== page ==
In line with the ‘never knowingly undersold’ slogan, John Lewis Partnership’s GC Keith Hubber needs to know how to add value to the business.
Stepping into the top legal role at one of the high street’s best known brands is no mean feat. For John Lewis Partnership (JLP) general counsel Keith Hubber there was the added pressure of succeeding Margaret Casely-Hayford, who exited in July 2014 to focus on her role as chair of Charity Action Aid UK.
Hubber has come a long way since his days in the Royal Navy. He quit the force in 1990 to take up law, joining legacy Taylor Joynson Garrett (now Taylor Wessing) before a stint on secondment in-house tempted him to make the move permanent. Before joining JLP as general counsel and company secretary Hubber was deputy general counsel at FTSE 100 company BG Group.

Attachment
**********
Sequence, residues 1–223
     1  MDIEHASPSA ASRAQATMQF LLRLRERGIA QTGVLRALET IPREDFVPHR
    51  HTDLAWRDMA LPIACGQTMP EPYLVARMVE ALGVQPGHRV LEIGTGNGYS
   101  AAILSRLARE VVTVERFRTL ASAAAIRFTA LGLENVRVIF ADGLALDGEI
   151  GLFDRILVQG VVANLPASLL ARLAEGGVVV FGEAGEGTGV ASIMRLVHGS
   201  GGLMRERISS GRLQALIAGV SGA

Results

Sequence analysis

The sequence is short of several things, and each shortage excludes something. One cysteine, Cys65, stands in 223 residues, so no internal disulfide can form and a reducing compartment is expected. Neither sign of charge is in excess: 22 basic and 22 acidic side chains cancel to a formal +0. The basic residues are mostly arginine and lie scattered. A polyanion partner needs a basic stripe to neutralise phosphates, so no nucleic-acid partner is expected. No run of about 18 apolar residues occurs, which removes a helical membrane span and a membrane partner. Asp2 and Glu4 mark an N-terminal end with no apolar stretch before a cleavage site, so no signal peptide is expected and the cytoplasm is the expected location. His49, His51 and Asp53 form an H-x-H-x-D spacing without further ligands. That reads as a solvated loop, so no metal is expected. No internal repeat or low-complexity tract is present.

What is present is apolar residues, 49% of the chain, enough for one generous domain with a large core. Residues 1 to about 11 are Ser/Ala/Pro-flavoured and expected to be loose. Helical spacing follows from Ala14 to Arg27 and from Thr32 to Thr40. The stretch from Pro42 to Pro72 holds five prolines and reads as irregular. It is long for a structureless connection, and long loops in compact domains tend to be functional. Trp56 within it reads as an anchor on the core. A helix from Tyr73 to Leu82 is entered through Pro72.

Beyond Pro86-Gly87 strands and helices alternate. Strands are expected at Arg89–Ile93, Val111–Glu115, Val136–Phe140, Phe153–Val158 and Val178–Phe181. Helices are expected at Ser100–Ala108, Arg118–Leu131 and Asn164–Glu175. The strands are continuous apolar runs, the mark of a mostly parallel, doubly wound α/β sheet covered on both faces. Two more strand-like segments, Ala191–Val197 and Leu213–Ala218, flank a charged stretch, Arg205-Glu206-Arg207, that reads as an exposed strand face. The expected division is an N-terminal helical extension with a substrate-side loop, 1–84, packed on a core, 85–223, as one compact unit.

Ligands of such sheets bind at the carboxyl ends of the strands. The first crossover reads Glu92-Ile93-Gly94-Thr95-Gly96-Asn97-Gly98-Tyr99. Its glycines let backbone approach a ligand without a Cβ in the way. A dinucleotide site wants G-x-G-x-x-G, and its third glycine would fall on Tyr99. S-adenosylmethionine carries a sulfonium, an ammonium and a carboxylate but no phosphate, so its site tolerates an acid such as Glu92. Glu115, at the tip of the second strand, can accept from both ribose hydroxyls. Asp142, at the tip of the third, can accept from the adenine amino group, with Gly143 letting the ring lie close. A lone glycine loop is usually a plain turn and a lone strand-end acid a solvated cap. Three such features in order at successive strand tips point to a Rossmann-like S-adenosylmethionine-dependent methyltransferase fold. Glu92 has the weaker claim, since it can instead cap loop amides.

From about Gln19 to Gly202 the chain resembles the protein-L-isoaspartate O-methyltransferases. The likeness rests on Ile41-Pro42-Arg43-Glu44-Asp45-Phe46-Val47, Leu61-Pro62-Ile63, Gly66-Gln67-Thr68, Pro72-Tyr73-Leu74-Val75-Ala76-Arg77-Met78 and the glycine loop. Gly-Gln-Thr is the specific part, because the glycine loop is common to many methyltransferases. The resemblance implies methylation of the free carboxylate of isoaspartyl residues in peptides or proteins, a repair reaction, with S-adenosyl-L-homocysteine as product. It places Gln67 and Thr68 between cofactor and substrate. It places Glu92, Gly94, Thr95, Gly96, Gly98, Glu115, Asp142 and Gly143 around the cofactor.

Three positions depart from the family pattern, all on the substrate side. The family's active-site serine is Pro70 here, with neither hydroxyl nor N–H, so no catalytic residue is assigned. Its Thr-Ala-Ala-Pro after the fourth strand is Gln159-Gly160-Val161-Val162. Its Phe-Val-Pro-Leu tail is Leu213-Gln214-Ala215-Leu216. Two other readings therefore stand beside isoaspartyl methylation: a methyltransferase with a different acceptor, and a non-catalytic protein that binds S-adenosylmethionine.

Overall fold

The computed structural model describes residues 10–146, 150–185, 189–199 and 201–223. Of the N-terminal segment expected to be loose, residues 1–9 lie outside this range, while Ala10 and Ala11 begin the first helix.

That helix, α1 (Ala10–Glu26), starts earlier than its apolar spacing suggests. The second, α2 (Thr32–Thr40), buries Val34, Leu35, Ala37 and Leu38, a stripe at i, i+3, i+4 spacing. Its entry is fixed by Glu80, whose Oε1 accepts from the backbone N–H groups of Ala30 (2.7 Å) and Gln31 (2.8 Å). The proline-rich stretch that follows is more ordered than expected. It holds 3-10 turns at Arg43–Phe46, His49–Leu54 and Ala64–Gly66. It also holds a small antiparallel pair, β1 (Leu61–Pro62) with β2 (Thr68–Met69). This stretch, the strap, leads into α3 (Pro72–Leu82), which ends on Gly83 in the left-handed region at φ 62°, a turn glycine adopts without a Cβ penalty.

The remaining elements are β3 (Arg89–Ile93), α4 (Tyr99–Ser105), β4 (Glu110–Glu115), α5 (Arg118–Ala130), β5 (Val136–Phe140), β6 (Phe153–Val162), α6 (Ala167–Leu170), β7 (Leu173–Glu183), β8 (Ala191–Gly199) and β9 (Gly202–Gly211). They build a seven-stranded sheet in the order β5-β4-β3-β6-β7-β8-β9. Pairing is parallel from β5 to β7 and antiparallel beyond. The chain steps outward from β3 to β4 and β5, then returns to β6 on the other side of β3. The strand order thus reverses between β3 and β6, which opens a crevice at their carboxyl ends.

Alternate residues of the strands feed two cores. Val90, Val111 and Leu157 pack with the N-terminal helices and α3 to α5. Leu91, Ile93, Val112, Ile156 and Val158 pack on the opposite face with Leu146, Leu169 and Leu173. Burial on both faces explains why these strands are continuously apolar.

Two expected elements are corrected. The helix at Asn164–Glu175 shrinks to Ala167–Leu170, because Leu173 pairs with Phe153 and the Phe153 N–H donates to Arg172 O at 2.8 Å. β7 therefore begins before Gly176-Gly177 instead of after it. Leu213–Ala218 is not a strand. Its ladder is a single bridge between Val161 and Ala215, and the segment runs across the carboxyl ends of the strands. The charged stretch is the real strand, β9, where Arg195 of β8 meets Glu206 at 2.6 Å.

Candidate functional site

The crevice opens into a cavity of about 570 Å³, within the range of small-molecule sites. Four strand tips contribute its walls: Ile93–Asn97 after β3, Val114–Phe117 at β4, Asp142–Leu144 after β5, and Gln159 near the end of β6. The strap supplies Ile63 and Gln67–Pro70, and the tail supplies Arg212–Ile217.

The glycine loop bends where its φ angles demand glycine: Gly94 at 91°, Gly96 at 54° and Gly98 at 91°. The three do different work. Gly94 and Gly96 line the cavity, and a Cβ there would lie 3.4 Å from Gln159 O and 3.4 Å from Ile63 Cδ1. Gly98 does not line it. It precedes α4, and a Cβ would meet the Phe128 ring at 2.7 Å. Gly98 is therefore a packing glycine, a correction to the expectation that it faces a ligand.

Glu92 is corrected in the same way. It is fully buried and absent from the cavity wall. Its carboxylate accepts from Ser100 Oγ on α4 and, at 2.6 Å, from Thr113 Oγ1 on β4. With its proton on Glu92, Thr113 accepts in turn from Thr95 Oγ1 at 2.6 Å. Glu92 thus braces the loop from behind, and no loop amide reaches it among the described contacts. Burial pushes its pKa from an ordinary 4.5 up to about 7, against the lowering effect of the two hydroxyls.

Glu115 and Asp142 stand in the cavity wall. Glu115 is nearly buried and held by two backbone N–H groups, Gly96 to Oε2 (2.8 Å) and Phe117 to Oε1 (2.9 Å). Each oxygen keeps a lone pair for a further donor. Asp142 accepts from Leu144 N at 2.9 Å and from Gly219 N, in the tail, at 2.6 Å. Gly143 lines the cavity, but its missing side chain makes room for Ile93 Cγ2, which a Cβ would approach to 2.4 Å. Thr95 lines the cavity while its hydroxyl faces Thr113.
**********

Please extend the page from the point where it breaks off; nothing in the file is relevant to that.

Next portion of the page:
“The great thing about being in-house is the sheer breadth of work,” he says. “The issue with the bigger firms is that they’re getting ever-more specialised. When I look back at BG Group it was always about having different challenges and giving people the opportunity to do completely different things.”
Hubber enjoys a challenge. Since joining JLP in January 2015 he has overhauled the in-house team structure and recently completed a panel review. However, there is no time to sit still: he talks repeatedly about how to get the best value from his team.
His client base is vast. JLP, which is the parent group to both John Lewis and Waitrose, is employee-owned with 94,000 ‘partners’. That means there is a Partnership Board and Partnership Council to answer to as well as an executive board.